My Stubborn Tongue - by Anna Fishbeyn

My Stubborn Tongue
Written and Performed by Anna Fishbeyn (@AnnaFishbeyn)

The Soho Theatre Cabaret space in the basement, is one of my favourite spaces in all of London -it’s intimate, close and feels underground - like being part of a secret club. The audience sit at tables rather than in rows - perfect for cabarets, comedy and storytelling. It was here we hear Anna Fishbeyn's life story - 'My Stubborn Tongue.' We journey from her childhood where she is Jewish (and ostracised for this reason) in Russia, to being Russian (and ostracised for this reason) in America, and her 'refusal to be defined by her origins'. It was a brilliant, well told story, stitched together with songs, and skilfully played characterisations of Fishbeyn’s family and friends. Her mother and Aunt were a brilliant double act, probably carrying some of my favourite moments in the show, and looking back now I feel as though there were two women on stage, rather than just the one.

Interspersed with the parts of the story, Anna occasionally found herself in the spotlight, vulnerable and alone as an offstage male voice taught her American-English. There was something disconcerting about these sections - we witnessed her struggle, and were offered a clear insight in to what it may be like for a child trying to learn a second language. It was an apt device – making it sad and uncomfortable, but not sentimental.

The songs throughout offered a varied layer, and a favourite of mine was Fishbeyn’s own version of the ‘Cell Block Tango’ – in which one by one their neighbours rejected them for being Russian, ‘immigrants’ and ‘commys’. Fishbeyn is skilled at gift-wrapping her messages in humour, but you don’t have to slice too deeply to find the disturbing truth underneath.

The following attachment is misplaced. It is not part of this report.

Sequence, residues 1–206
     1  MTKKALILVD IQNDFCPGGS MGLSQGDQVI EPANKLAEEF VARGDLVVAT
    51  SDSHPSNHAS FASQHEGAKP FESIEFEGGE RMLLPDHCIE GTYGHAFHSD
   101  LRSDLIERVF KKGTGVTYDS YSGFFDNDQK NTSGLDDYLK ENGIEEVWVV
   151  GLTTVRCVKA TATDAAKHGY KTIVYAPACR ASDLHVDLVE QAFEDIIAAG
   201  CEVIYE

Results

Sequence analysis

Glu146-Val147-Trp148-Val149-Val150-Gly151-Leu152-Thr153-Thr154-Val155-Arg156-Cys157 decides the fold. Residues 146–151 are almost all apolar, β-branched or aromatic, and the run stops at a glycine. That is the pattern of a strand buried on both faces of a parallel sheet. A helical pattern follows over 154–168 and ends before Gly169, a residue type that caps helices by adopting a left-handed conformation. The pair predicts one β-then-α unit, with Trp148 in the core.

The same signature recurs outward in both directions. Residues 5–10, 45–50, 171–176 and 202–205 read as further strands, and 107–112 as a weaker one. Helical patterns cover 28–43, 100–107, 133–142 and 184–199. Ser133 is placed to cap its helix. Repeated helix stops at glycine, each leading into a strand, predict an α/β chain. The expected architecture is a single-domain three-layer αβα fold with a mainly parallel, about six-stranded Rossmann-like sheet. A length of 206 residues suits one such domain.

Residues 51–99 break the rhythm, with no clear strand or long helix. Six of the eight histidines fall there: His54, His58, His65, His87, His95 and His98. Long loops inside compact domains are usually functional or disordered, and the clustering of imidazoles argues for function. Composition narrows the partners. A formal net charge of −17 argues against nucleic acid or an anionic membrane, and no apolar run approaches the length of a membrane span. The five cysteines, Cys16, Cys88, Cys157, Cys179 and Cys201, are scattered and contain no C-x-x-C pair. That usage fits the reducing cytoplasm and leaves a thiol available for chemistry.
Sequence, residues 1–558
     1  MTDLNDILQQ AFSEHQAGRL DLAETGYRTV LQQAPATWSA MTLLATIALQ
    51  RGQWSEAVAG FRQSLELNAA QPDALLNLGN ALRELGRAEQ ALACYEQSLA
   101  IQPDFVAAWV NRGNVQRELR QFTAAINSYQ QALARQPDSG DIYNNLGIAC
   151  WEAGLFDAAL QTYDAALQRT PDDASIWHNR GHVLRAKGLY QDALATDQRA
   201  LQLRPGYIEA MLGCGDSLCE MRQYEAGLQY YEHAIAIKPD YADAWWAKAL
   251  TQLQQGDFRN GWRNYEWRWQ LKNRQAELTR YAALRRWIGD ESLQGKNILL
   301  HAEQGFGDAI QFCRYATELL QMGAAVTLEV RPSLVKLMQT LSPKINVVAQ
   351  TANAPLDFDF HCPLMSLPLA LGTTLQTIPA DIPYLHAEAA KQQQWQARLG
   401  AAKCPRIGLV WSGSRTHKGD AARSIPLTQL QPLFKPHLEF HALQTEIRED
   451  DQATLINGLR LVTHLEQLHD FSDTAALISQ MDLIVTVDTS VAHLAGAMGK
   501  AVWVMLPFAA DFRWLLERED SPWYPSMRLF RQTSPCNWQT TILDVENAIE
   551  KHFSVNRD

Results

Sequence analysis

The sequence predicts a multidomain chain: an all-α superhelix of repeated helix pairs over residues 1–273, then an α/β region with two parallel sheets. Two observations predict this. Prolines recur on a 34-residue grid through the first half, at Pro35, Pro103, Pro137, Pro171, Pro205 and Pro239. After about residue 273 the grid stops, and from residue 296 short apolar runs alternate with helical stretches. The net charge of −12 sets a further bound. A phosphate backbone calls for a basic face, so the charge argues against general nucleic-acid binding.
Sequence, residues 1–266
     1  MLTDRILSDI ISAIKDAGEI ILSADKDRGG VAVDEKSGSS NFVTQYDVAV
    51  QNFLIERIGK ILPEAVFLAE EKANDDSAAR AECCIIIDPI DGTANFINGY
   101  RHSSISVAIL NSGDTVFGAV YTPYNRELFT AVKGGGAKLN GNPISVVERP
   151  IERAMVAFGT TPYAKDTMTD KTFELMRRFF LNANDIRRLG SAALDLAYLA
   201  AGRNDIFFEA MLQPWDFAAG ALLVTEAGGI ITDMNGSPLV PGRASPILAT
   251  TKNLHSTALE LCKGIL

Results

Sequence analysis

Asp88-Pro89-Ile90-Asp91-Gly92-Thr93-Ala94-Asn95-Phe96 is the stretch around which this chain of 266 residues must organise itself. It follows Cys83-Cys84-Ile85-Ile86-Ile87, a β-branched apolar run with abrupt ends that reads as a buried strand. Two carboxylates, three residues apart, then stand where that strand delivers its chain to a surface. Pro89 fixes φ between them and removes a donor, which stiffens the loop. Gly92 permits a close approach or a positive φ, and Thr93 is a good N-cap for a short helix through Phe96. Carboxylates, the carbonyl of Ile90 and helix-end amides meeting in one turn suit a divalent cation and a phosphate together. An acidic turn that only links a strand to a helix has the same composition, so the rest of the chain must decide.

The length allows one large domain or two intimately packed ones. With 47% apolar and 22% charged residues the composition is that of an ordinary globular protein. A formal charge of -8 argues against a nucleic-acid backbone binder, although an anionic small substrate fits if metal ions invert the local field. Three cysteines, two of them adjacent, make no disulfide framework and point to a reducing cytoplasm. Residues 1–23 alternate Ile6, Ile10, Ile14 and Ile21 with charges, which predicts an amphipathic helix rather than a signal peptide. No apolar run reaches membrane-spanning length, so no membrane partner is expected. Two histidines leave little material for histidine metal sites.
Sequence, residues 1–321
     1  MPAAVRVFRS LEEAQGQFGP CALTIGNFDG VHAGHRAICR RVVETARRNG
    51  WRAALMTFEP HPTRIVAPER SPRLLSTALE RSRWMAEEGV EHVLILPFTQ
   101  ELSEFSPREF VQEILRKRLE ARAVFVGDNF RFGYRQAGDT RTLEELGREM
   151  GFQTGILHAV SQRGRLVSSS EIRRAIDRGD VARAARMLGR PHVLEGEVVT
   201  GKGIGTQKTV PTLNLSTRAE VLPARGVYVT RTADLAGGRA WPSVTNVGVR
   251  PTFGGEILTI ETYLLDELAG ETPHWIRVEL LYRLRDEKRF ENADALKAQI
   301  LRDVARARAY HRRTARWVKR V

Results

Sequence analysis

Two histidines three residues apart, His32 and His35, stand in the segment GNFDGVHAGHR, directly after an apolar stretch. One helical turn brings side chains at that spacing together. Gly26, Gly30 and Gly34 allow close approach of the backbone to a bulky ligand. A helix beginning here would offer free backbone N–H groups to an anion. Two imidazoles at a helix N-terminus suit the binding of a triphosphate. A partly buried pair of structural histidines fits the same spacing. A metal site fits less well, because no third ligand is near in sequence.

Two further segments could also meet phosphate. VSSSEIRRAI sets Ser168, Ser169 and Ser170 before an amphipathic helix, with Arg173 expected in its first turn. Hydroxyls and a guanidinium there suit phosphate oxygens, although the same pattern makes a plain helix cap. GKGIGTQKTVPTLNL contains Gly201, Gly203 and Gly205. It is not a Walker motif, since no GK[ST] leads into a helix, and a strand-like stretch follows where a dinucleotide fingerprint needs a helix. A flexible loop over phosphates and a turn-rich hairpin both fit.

Despite the comedic performance and cabaret style songs, this show had a profound and lasting message, one of immigration, the stories of those wishing to cross borders often at best for the hope of a better life, but frequently to escape abuse, exclusion and in many cases safety – all important things for us to consider as we approach the general election – each candidate offering different takes on immigration.

Fishbeyn has a huge personality, and it suits – this is a big show! It perhaps felt a little too big for the small audience in the Soho Cabaret space on a Friday afternoon. It needs, and deserves a big reception. She sings both American and Russian songs with gusto, these songs deserve a worthy round of applause, which didn’t come during this performance, but I sincerely hope it has elsewhere, I imagine it’s a very different experience for both performer and audience when it’s a little more lively in the stalls.

This performance has ended now, but visit: for more info, and to see Anna's family album.

(C) Amie Taylor 2015

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